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Carbs, Calories -- Who's Counting?

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What do you and the turkey have in common on Thanksgiving Day?

You both get stuffed. The difference is, you get to waddle away.

Ah, the joys of the big holiday meal -- food, glorious food -- and the pain that follows when your eyes are bigger than your stomach.

It begins with snacks: stuffed celery, chips, crackers and a shrimp mold that doesn't last all that long at room temperature.

Then comes the main event in all its grandeur: turkey accompanied by mashed potatoes, gravy, salad, cranberry sauce, vegetables and -- as if there aren't already enough carbs in the dressing -- fresh-baked bread.

Of course, who stops there? A couple of helpings of pumpkin pie with whipped cream and several homemade cookies later, you're groaning.

If it hurts your back when you stretch out on the carpet, you've crossed the line -- not to mention about four weight divisions in the World Boxing Council ratings.

For this one day -- and maybe again come Christmas -- you ditch the Atkins Diet in favor of my favorite, the Chet Atkins Diet.

The Chet Atkins Diet?

That's when you listen to country music and eat everything in sight.

So you've gorged yourself. Now what?

There are a few basic options:

The grizzly bear approach. Go into a brief hibernation on the couch and wake up hungry a few hours later.

Post-meal physical activity such as basketball or touch football that leads to sprains and strains. That, of course, also can lead to indigestion caused by jostling the pantry you now call a stomach.

Inevitably someone will mistake indigestion for a heart attack.

Some people really might end up in the emergency room.

"Especially with the elderly," said Elaine White, director of the emergency room at Turlock's Emanuel Medical Center. "They're not used to eating large amounts or certain types of foods. Or they're on sodium-restricted diets and they go off the program, eating ham or something high-sodium, and the body can't handle it."

They'll come to the ER complaining of shortness of breath and find that they're having congestive heart failure, White said.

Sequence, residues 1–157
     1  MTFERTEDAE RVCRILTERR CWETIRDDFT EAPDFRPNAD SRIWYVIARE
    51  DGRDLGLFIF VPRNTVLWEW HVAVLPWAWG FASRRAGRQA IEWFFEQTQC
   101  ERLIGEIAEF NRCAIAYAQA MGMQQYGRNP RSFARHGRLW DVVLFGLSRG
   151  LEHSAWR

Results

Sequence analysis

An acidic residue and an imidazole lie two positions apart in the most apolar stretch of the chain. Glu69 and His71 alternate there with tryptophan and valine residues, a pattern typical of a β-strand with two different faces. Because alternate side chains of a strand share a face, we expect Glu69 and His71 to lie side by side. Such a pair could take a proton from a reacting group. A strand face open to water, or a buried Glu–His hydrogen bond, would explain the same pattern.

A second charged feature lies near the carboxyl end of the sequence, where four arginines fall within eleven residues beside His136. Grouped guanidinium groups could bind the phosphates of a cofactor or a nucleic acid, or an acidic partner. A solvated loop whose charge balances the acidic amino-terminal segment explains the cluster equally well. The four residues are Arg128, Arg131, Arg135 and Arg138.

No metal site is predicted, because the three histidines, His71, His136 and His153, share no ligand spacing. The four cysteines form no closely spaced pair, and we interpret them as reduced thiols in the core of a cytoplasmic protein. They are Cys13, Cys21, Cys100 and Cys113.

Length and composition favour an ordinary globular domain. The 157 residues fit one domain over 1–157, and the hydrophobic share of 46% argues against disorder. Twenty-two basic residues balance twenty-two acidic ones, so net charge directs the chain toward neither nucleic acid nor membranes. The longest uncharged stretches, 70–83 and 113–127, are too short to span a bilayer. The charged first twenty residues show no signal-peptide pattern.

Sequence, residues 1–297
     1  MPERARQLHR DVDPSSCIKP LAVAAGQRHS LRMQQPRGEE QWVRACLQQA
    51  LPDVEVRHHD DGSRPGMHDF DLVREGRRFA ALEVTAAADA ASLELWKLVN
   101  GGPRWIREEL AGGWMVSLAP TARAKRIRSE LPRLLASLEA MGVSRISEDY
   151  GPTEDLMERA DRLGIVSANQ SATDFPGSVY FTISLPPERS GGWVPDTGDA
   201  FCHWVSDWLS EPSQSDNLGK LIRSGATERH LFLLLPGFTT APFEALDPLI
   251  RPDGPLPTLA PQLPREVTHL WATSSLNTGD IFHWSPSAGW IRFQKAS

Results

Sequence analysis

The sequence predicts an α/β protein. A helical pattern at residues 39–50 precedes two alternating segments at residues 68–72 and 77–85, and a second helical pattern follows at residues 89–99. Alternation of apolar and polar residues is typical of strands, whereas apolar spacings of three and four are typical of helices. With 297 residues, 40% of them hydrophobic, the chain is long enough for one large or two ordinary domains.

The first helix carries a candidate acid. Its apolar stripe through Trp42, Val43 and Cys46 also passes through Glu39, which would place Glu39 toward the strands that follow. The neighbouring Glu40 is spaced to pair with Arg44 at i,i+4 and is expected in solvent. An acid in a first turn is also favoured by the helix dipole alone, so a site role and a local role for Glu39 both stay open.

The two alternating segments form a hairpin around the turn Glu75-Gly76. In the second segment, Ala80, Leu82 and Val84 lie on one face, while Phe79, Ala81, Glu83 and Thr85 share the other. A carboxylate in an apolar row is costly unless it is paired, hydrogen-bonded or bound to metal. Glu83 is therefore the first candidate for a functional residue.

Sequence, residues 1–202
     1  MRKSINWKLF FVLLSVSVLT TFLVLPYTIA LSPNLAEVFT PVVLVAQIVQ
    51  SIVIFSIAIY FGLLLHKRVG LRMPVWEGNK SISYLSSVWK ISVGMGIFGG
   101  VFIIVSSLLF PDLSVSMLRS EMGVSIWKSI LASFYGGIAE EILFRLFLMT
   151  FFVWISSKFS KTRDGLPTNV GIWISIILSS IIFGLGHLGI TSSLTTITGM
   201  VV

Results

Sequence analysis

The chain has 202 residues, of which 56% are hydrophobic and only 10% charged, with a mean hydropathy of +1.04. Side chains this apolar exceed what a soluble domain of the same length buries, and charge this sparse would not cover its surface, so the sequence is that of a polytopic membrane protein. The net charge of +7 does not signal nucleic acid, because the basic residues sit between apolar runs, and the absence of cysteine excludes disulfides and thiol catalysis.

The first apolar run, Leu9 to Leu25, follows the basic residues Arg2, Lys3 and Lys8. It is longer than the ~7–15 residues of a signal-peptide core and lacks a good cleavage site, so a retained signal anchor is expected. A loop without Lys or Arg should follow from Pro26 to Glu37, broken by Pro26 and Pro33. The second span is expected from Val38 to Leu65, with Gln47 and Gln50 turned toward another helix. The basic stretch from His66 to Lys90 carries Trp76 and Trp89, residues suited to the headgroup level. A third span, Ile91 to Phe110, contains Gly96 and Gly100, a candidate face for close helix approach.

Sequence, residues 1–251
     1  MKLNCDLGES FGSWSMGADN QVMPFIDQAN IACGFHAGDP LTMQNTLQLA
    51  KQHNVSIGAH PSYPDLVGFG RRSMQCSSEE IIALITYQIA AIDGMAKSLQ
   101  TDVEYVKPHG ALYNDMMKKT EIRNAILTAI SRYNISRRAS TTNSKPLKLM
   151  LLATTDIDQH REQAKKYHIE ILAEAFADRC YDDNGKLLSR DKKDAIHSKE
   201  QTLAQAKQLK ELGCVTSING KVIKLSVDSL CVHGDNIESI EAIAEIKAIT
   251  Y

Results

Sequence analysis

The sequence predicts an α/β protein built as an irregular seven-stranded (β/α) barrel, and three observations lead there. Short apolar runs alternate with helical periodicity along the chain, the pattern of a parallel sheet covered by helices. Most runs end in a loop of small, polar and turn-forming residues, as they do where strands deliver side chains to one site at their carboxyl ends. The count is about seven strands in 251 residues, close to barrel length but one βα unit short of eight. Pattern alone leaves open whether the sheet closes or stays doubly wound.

This sounds worse than it actually is.

"It's not a heart attack, but it's a condition that needs to be treated," she said.

Finally, you can toss and turn in bed until the gym opens Friday morning.

If you believe Self or Men's Health magazines, very few Modestans will exercise this option.

Self ranks Modesto as the nation's least fit city for women. The average workout here lasts nine minutes compared with 15 in top-ranked San Francisco.

And for men, Modesto ranked 88th out of 101 cities, getting F's for fitness and quality of life, and a D for overall health.

Some residents will strike preemptively this morning, making room for food by exercising in advance, said Jennifer Elrod of Gold's Gym.

"The turkey burn," she called it. "If you spike your metabolism, the next couple of hours the calories won't touch you."

Elrod predicted that the place will be packed from 8 to 11 a.m.

Others will wait until Friday, when the stomachache has subsided, before heading to their club.

"Everybody's feeling guilty," said Lynn McNeely, manager of In-Shape City on Floyd Avenue in Modesto. "We usually get crowds in the morning, early -- more than what you'd normally expect on a Friday."

The next wave will hit late Friday afternoon.

"They roll off the couch and come into the gym," she said.

Some folks actually will exercise. Others will just use the steam, sauna or swimming pool.

Fortunately, you'll have the weekend to recover, to atone for the sins of the stomach and the sweet tooth.

And to polish off the leftovers.

Jeff Jardine's column appears Sundays, Tuesdays and Thursdays in Local News. He can be reached at 578-2383 or

For more coverage from The Modesto Bee, or to start home delivery, go to

©2003 The Modesto Bee. All Rights Reserved.

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